Games are usually protected as a form of intellectual property, predominantly copyright in the underlying code and audio-visual components of a game, but also potentially including patents and trade marks. EULAs both give permission to the user to use the game producer’s intellectual property,[8] whilst also modifying default legal rules on the user’s ability to reproduce, distribute or adapt a game. This legal issue has been particularly prevalent with terms which prevent the re-sale of game software, which is likely to be upheld in both the US[9] and EU.[10]

EULAs may also attempt to restrict excepted (lawful) user actions, including the right for users to make personal or back-up copies of games, or to reverse engineer games for the purposes of understanding how they work. The extent to which these exceptions can be superseded by the terms of the EULA varies from jurisdictions and the type of exception in question. For example, the right to reverse engineer in spite of EULA terms to the contrary has been upheld in the EU[11] but has had mixed results under the US ‘fair use’ system.[12]



EULAs may have implications for other areas of law, including (but not limited to): data protection law in respect of conditions on the use of player information, and; laws on freedom of expression in respect of conditions prohibiting criticism of the game product.

[1] Fahey M, ‘Ubisoft Does Away With Tree-Killing Instruction Manuals’ (Kotaku, 19 April 2010) <> accessed 27 March 2024.

[2] Obar JA and Oeldorf-Hirsch A, ‘The biggest lie on the internet: Ignoring the privacy policies and terms of service policies of social networking services’ [2008] Information, Communication and Society.

[3] Superhot Wiki ‘End User Licence Agreement’ <> accessed 27 March 2024.

[4] Terms of Service Didn’t Read <> accessed 27 March 2024.


[5] Clickwrapped <> accessed 27 March 2024.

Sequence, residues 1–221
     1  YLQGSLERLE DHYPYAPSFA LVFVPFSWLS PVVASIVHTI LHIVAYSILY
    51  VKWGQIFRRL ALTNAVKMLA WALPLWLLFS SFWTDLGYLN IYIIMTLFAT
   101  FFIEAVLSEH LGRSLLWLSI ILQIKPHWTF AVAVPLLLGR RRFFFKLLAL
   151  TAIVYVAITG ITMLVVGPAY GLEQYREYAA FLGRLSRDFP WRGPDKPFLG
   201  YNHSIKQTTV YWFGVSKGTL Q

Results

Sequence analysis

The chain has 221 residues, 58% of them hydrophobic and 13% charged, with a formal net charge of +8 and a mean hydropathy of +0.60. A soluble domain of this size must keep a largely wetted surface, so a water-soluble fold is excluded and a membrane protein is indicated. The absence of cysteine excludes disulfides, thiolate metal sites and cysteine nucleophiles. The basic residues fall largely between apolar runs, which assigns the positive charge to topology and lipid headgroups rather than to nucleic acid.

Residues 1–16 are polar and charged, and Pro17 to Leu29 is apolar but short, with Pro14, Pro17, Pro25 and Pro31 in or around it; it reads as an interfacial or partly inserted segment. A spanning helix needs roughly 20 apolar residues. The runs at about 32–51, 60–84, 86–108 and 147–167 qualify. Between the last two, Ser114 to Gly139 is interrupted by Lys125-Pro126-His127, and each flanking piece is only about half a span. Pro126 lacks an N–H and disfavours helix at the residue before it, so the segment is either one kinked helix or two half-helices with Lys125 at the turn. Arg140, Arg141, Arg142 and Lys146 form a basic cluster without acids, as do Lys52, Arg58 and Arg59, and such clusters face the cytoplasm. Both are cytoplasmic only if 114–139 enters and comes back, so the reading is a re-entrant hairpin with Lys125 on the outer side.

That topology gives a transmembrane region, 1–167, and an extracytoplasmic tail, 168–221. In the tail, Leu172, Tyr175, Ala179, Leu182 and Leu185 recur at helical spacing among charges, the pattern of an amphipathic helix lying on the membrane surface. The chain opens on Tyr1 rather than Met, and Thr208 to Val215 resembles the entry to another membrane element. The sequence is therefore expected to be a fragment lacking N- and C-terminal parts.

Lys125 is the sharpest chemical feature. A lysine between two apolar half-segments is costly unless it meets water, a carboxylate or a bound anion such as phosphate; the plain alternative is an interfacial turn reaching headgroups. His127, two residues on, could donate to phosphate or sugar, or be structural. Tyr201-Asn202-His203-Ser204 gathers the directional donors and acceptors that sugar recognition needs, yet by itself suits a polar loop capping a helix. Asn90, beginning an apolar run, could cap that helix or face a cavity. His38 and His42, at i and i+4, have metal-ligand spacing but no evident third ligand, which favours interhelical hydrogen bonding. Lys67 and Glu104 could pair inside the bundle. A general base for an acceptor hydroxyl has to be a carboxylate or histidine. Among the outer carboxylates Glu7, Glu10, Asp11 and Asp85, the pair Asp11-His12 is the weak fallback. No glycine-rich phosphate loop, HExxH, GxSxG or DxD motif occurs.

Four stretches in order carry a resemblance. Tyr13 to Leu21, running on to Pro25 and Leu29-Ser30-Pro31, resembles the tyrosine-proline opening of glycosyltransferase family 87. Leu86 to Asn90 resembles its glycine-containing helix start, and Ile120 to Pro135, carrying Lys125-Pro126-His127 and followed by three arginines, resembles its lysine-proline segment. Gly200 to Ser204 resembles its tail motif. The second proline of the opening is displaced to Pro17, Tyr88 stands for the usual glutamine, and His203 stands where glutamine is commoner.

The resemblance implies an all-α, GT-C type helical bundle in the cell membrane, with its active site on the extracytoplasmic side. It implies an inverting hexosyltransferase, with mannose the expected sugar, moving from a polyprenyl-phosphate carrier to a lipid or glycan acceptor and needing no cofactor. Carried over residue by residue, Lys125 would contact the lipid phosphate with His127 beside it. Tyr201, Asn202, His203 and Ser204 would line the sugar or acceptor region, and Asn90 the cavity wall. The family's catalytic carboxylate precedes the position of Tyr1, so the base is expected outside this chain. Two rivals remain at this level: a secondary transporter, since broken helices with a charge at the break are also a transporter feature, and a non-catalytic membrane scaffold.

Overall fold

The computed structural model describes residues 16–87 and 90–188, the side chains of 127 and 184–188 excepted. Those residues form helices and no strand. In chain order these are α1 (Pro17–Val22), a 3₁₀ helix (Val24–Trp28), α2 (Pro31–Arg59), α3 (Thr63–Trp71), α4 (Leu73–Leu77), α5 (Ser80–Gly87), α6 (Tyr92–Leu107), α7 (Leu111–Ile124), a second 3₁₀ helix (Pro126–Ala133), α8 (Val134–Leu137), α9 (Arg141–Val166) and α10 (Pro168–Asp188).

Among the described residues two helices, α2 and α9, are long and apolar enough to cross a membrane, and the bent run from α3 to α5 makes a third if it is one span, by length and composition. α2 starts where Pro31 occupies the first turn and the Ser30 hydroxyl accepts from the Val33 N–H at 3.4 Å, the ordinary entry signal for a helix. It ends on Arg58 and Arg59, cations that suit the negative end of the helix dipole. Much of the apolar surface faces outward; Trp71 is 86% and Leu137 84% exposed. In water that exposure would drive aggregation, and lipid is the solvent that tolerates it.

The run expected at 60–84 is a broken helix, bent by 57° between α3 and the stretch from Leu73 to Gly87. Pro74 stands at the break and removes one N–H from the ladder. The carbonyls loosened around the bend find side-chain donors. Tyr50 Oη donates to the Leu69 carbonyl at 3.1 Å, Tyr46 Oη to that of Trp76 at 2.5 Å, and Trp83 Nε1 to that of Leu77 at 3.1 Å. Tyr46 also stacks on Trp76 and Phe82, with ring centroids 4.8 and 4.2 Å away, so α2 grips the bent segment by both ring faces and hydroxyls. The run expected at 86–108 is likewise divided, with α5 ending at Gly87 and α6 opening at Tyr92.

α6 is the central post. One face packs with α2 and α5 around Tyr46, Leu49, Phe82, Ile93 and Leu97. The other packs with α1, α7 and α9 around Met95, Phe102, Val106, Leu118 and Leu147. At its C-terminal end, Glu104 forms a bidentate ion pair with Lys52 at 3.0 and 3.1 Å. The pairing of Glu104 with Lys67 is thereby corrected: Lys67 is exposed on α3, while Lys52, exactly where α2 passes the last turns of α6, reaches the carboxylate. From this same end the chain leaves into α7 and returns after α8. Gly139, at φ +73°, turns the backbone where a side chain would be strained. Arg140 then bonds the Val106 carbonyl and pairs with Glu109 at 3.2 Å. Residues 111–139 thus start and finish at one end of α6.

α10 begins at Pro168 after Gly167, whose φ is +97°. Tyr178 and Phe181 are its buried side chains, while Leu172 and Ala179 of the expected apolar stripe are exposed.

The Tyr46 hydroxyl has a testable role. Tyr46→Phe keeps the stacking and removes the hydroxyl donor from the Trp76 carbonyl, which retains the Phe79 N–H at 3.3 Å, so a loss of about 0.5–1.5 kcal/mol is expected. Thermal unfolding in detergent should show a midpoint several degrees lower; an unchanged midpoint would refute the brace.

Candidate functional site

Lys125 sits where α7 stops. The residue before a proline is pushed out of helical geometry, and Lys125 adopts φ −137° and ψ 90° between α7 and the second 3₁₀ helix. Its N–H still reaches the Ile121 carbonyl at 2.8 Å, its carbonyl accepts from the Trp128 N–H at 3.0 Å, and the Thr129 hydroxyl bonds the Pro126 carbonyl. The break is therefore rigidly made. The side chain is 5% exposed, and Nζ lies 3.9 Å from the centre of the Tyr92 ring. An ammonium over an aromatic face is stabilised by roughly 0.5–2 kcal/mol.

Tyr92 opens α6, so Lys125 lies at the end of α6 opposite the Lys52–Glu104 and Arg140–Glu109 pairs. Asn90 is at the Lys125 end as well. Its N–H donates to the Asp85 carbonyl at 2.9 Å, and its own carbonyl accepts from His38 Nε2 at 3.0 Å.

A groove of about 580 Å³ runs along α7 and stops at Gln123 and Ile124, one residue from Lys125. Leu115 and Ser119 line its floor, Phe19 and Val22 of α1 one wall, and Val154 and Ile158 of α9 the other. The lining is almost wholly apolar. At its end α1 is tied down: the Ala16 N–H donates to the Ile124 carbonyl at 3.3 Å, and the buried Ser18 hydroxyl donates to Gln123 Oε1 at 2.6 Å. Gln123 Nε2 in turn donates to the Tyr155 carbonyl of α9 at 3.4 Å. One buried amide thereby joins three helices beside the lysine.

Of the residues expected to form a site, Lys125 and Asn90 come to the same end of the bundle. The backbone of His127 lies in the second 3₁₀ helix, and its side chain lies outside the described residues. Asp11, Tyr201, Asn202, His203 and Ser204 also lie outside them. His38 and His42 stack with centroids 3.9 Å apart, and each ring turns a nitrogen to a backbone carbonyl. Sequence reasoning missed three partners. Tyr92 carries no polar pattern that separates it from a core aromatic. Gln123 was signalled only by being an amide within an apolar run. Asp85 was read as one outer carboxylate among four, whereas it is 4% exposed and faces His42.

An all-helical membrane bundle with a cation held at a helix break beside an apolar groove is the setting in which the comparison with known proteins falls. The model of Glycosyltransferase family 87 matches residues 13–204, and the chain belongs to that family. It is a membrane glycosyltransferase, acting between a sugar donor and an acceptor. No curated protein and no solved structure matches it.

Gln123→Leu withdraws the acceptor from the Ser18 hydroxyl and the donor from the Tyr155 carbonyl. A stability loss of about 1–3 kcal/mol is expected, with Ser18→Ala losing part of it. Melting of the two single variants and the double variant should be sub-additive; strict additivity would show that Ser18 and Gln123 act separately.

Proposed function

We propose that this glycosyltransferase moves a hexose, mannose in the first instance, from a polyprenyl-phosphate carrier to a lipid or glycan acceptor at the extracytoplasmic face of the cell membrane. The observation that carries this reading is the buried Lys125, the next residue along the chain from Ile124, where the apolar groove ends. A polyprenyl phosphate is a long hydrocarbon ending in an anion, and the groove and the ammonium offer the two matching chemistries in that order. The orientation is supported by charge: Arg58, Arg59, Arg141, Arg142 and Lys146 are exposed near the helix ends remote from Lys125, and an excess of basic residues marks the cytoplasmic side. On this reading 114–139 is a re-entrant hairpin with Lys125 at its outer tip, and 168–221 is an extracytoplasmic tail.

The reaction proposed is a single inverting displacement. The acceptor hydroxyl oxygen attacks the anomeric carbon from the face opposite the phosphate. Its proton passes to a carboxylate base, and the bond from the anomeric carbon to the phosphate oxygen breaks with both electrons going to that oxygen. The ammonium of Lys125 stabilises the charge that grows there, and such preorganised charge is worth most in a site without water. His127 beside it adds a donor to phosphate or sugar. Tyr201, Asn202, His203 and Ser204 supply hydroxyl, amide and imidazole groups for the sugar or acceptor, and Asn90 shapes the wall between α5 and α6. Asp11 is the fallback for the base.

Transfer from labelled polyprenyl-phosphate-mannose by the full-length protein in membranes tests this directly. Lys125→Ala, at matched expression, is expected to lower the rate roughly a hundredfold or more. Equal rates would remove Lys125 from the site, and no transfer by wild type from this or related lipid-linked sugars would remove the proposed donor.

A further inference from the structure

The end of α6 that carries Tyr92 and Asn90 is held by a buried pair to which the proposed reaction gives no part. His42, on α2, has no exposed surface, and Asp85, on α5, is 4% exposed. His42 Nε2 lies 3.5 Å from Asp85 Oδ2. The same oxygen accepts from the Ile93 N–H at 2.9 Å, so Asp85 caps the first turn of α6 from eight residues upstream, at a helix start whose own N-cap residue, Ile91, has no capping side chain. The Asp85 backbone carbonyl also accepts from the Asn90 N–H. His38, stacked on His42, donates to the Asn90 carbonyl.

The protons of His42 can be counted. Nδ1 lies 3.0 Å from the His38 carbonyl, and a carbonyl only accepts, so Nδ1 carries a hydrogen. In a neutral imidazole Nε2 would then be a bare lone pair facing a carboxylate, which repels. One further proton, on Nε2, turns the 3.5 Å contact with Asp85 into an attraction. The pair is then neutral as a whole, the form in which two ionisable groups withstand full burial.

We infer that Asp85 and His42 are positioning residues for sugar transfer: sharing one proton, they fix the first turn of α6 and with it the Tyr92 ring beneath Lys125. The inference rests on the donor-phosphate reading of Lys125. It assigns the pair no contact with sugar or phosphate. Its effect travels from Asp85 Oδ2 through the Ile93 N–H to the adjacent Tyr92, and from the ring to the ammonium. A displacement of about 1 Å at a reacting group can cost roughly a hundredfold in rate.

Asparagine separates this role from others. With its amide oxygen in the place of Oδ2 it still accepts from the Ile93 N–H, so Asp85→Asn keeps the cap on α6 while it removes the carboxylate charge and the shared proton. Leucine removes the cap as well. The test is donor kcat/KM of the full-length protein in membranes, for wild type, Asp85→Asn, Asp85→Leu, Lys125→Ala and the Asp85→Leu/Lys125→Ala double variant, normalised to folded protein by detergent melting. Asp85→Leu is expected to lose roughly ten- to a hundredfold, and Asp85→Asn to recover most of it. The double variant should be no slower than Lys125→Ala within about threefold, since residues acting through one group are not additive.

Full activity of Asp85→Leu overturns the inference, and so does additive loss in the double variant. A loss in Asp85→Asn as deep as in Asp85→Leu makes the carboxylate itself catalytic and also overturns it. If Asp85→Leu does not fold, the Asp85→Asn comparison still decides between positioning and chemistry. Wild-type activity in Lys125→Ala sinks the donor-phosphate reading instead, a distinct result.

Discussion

[6] Vault Corp v Quaid Software Ltd, 847 F2d 255 (5th Cir 1988).

[7] ProCD v Zeidenberg, 86 F3d 1447 (7th Cir 1996).

[8] Lawful access may be a precondition of authorised use of a work in certain jurisdictions – see InfoSoc Directive Article 5(1)(b) and Copyright in the Digital Single Market Directive recital 14 – which may in turn be supported by anti-technical protection measure circumvention laws – see InfoSoc Direct Article 6(3).

[9] Capitol Records v ReDigi, 934 F Supp 2d 640 (SDNY 2013).


[10] On ‘pure’ computer software’, see C-128/11 UsedSoft v Oracle; for ‘complex’ audio visual works, see C-263/18 Nederlands Uitgeversverbond v TomKabinet.

[11] C-13/20 Top System SA v Belgian State.

[12] See e.g., Blizzard v Jung, 422 F3d 630 (8th Cir 2005) and Atari v Nintendo, 2d 832 (Fed Cir 1992).


  • Dr Amy Thomas

    Amy Thomas is a Lecturer in Intellectual Property and Information Law at the University of Glasgow School of Law and CREATe research centre. Amy completed her PhD in 2022, having defended her doctoral thesis entitled ‘The Copyright User: A Socio-Legal Enquiry’. Amy’s main legal interest is in copyright law and its relationship with video games, eSports, and other forms of interactive entertainment. Her research mainly focusses on the user who interacts with these works, including creators of user-generated content (e.g., streamers, modders, and fan creators). Amy also has an interest in empirical methodologies, having a background in law and social sciences. She works as the Managing Editor of the Copyright Evidence Wiki, which curates empirical evidence on how copyright works in society, and You Can Play, a digital resource which tracks UGC policies for video games. She also leads the Creators Earnings Hub, an ESRC-IAA funded initiative which gathers empirical evidence on the lived realities of primary creators.